The WHO also believes that the general public should not “worry” about the spread of the disease, which should be manageable “if we take appropriate measures now”.
The World Health Organization (WHO) warned on Friday that nearly 200 cases of monkeypox smallpox found in recent weeks in countries where the virus does not usually circulate may be “just the tip of the iceberg.”
“We don’t know if we’re just seeing the tip of the iceberg,” said Sylvie Briand, director of the WHO’s Global Preparedness for Infectious Risk, during a presentation to the organization’s member states about the “unusual” spread of the virus. , during the World Health Assembly in Geneva (Switzerland).
Experts are trying to find out what caused this “unusual situation,” and preliminary results show no variation or mutation in the monkeypox virus, Sylvie Briand said.
“Now we have a chance to stop the transmission,” she said. “If we put in place the right measures now, we’ll probably be able to do it quickly.”
No deaths were reported
The United Kingdom announced the first case on 7 May. Since then, about 200 cases have been detected in countries far from those where the virus is endemic. According to the European Center for Disease Prevention and Control (ECDC), exactly 219 cases were reported on Wednesday, but no deaths.
Smallpox, endemic in eleven Central and West African countries, has been suddenly detected in more than twenty other countries around the world, including the United States, Australia, the United Arab Emirates and a dozen European countries.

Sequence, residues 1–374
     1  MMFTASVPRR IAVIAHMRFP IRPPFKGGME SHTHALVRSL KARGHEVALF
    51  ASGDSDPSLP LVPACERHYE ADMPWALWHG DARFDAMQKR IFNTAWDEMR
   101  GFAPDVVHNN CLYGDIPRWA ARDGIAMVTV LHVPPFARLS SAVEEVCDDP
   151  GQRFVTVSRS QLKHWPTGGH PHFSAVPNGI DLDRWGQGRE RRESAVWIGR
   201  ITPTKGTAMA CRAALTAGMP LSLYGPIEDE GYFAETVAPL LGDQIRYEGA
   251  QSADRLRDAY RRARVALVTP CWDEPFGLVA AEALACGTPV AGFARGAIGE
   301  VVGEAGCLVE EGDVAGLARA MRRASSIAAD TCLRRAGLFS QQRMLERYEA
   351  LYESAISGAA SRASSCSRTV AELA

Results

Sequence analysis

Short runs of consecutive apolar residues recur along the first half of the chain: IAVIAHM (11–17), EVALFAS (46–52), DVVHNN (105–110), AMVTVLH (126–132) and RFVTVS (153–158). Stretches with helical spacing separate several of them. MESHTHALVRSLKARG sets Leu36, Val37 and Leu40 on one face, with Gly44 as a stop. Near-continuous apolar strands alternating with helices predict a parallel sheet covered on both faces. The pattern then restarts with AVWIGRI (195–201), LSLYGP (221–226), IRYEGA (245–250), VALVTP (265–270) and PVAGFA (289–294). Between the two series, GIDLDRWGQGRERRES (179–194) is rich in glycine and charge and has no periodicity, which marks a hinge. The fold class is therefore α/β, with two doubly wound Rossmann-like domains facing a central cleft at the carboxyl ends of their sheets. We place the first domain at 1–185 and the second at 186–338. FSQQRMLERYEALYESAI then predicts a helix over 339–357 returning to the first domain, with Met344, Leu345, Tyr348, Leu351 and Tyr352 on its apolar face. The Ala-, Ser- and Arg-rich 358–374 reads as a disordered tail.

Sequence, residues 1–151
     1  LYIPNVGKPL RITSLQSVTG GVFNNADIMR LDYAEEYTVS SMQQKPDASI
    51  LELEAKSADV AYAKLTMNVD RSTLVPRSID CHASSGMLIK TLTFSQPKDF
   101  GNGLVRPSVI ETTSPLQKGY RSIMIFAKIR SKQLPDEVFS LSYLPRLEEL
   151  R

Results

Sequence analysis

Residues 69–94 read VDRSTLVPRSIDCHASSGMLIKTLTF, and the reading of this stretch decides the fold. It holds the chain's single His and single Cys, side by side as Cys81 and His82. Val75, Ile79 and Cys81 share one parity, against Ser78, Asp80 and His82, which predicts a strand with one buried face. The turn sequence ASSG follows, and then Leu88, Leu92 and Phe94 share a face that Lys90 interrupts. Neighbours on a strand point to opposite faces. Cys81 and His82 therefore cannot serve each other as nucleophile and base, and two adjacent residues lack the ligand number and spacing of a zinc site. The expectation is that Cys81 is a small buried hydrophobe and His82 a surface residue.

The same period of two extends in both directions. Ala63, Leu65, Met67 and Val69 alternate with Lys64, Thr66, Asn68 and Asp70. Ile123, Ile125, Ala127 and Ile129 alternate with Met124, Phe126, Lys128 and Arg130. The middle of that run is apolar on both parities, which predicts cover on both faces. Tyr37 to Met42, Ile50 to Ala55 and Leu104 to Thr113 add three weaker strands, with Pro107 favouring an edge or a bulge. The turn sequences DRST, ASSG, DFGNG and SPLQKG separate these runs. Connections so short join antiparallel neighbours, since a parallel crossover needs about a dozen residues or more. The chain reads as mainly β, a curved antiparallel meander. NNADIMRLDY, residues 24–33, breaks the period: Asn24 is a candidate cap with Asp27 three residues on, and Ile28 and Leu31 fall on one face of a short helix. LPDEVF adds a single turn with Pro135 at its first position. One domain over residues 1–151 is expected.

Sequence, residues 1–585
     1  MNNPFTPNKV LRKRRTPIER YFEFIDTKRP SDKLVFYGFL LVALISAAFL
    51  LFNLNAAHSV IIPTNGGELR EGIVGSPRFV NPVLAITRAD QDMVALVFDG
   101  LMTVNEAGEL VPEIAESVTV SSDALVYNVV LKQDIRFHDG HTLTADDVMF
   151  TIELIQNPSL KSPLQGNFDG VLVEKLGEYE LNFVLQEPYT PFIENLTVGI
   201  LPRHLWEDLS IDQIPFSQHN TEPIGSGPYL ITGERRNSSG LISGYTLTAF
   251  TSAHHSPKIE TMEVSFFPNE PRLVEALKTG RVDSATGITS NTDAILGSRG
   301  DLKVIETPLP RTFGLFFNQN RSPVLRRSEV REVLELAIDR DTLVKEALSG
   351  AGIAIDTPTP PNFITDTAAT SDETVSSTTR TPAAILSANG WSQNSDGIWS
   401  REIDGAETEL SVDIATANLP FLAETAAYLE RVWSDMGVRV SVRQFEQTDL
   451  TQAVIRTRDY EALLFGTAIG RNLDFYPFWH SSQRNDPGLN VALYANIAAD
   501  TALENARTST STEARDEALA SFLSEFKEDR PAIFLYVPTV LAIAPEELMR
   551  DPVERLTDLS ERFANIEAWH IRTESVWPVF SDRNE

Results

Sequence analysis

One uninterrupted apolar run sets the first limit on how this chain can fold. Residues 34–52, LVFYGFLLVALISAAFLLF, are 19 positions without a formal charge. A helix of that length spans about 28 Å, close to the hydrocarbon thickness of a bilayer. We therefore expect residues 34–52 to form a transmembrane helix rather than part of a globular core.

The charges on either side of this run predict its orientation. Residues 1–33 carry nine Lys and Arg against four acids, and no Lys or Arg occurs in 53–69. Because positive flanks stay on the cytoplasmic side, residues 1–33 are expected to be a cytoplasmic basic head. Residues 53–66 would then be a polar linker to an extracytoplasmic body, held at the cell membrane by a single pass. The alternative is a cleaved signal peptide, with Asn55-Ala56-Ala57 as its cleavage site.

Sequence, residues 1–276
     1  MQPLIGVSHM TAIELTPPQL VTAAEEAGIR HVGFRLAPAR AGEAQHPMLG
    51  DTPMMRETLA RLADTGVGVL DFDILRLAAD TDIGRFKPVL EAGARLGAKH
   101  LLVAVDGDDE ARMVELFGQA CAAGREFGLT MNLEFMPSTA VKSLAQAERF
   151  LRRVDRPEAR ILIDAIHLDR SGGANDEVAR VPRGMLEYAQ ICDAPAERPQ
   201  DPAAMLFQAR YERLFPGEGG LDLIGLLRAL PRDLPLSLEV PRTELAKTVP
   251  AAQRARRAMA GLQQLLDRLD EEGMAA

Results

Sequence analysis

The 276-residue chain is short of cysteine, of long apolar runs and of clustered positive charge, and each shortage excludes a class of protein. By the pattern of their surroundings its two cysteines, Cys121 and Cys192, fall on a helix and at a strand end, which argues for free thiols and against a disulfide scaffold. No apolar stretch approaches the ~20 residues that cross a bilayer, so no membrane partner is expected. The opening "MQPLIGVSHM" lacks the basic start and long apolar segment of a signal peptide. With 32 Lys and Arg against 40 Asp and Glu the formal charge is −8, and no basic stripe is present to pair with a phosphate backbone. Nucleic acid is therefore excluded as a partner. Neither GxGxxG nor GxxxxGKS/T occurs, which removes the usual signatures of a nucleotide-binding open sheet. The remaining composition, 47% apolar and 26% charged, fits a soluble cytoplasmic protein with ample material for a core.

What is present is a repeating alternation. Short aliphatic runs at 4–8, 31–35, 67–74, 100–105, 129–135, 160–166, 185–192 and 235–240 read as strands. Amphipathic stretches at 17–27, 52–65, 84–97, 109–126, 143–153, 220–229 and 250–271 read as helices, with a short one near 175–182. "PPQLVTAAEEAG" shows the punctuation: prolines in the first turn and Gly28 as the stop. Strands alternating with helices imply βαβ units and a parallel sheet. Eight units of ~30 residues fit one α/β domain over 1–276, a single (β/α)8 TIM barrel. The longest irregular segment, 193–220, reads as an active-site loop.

The Spanish Ministry of Health reported 98 confirmed cases on Friday, the United Kingdom 90 and Portugal 74. In the latter country, all cases are men, mostly under the age of 40.
“We are currently at the very beginning of this event,” Sylvie Briand explained. “We know we will have more cases in the coming days,” but “it’s not a disease that the general public should worry about. It’s not Covid or other diseases that are spreading fast.”
85% effective vaccine
Smallpox belongs to the same family as smallpox, which killed millions of people around the world every year until they were eradicated in 1980. However, smallpox is much less severe, with a mortality of 3 to 6%. Most patients recover after three to four weeks. The initial symptoms are high fever, swollen nodules and skin rashes.
Many cases involve homosexuals, but experts point out that there is no evidence of sexual transmission of the disease, which is more likely to be transmitted by close contact with an infected person with skin lesions.
In fact, there is no cure, but antivirals have been developed against smallpox, one of which was recently approved by the European Medicines Agency (EMA), according to Sylvie Briand.
Smallpox vaccines have been found to be 85% effective against monkeypox. However, most people under the age of 45 have not been vaccinated against smallpox and vaccine supplies are now very low.